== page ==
Rotterdam Mayor Still Thinks Fellow Muslims Should Get Lost If They Don’t Like Western Culture

Robert Jonathan

Rotterdam, Holland, mayor Ahmed Aboutaleb has reaffirmed his view that his fellow Muslims should leave the Netherlands if they are unwilling to accept the country's tradition of tolerance.

As you may recall, the mayor made headlines across the globe last month in the aftermath of the Charlie Hebdo terrrorist attack in Paris. At that time, he proclaimed that those unwilling to accept such Western norms as freedom of speech and satire should pack the bags and leave. He specifically told those individuals to get lost, or perhaps used stronger words to that effect, depending upon the translation.

A practicing Muslim, Aboutaleb moved from Morocco to the Netherlands with his family when he was was a teenager. A member of the Labor Party (Partij van de Arbeid), he was elected mayor of Rotterdam, the second largest city in the country (behind Amsterdam) with a population of about 600,000, in 2010. He holds dual citizenship in the Netherlands and Morocco.

In an interview with CNN earlier this week while visiting Washington for the White House summit on extremism, the mayor stressed the importance of tolerance, noting that gaining Dutch citizenship is more than just about a passport.

"You know, the Dutch constitution but also the Dutch society is constructed in very, very interesting basic value and that is tolerance and acceptance. So the moment you come to the Netherlands, wherever from all over the world and you get a citizenship then you have to at least underline and embrace the constitution and the values of the country. We are a diverse country; my city is 154 nationalities. And that means that the rule of law is above everyone. Whatever your conviction is, whatever your religion is, whatever."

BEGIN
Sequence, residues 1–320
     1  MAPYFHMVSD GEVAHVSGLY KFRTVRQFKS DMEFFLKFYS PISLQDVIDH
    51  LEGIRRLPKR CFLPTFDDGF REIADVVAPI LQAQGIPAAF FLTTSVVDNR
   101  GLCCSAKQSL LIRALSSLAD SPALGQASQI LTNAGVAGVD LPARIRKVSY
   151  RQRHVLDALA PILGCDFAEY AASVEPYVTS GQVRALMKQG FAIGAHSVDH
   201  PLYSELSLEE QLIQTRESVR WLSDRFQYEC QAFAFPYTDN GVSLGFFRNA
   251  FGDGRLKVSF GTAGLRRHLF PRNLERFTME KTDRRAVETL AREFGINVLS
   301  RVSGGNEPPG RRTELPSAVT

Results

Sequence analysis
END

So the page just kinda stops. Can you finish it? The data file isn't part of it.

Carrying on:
"But if you reject the society, you don't want to be member of what I call the we community, and you reject the constitution and you reject the quality between people and you reject the freedoms, then it's up to you to examine whether you want to be with us... But if you want to send out of the we community, you threaten us, you go to Yemen to learn how to use a Kalashnikov and to come back to threaten the society, well, you are not part of my we society; you'd better leave..."
"I'm one of the people who knows how it is to live in poverty. I spent 15 years in Morocco of my life on one meal a day, walking without shoes. Go to the Netherlands without a coat to protect myself... And I cannot accept that poverty leads to terrorism. Poverty must lead to a seek to knowledge, to sciences, to be better, to climb on the social ladder... It's about investing in yourself, first of all, and by doing that, you invest in society. And that's the message I try to give."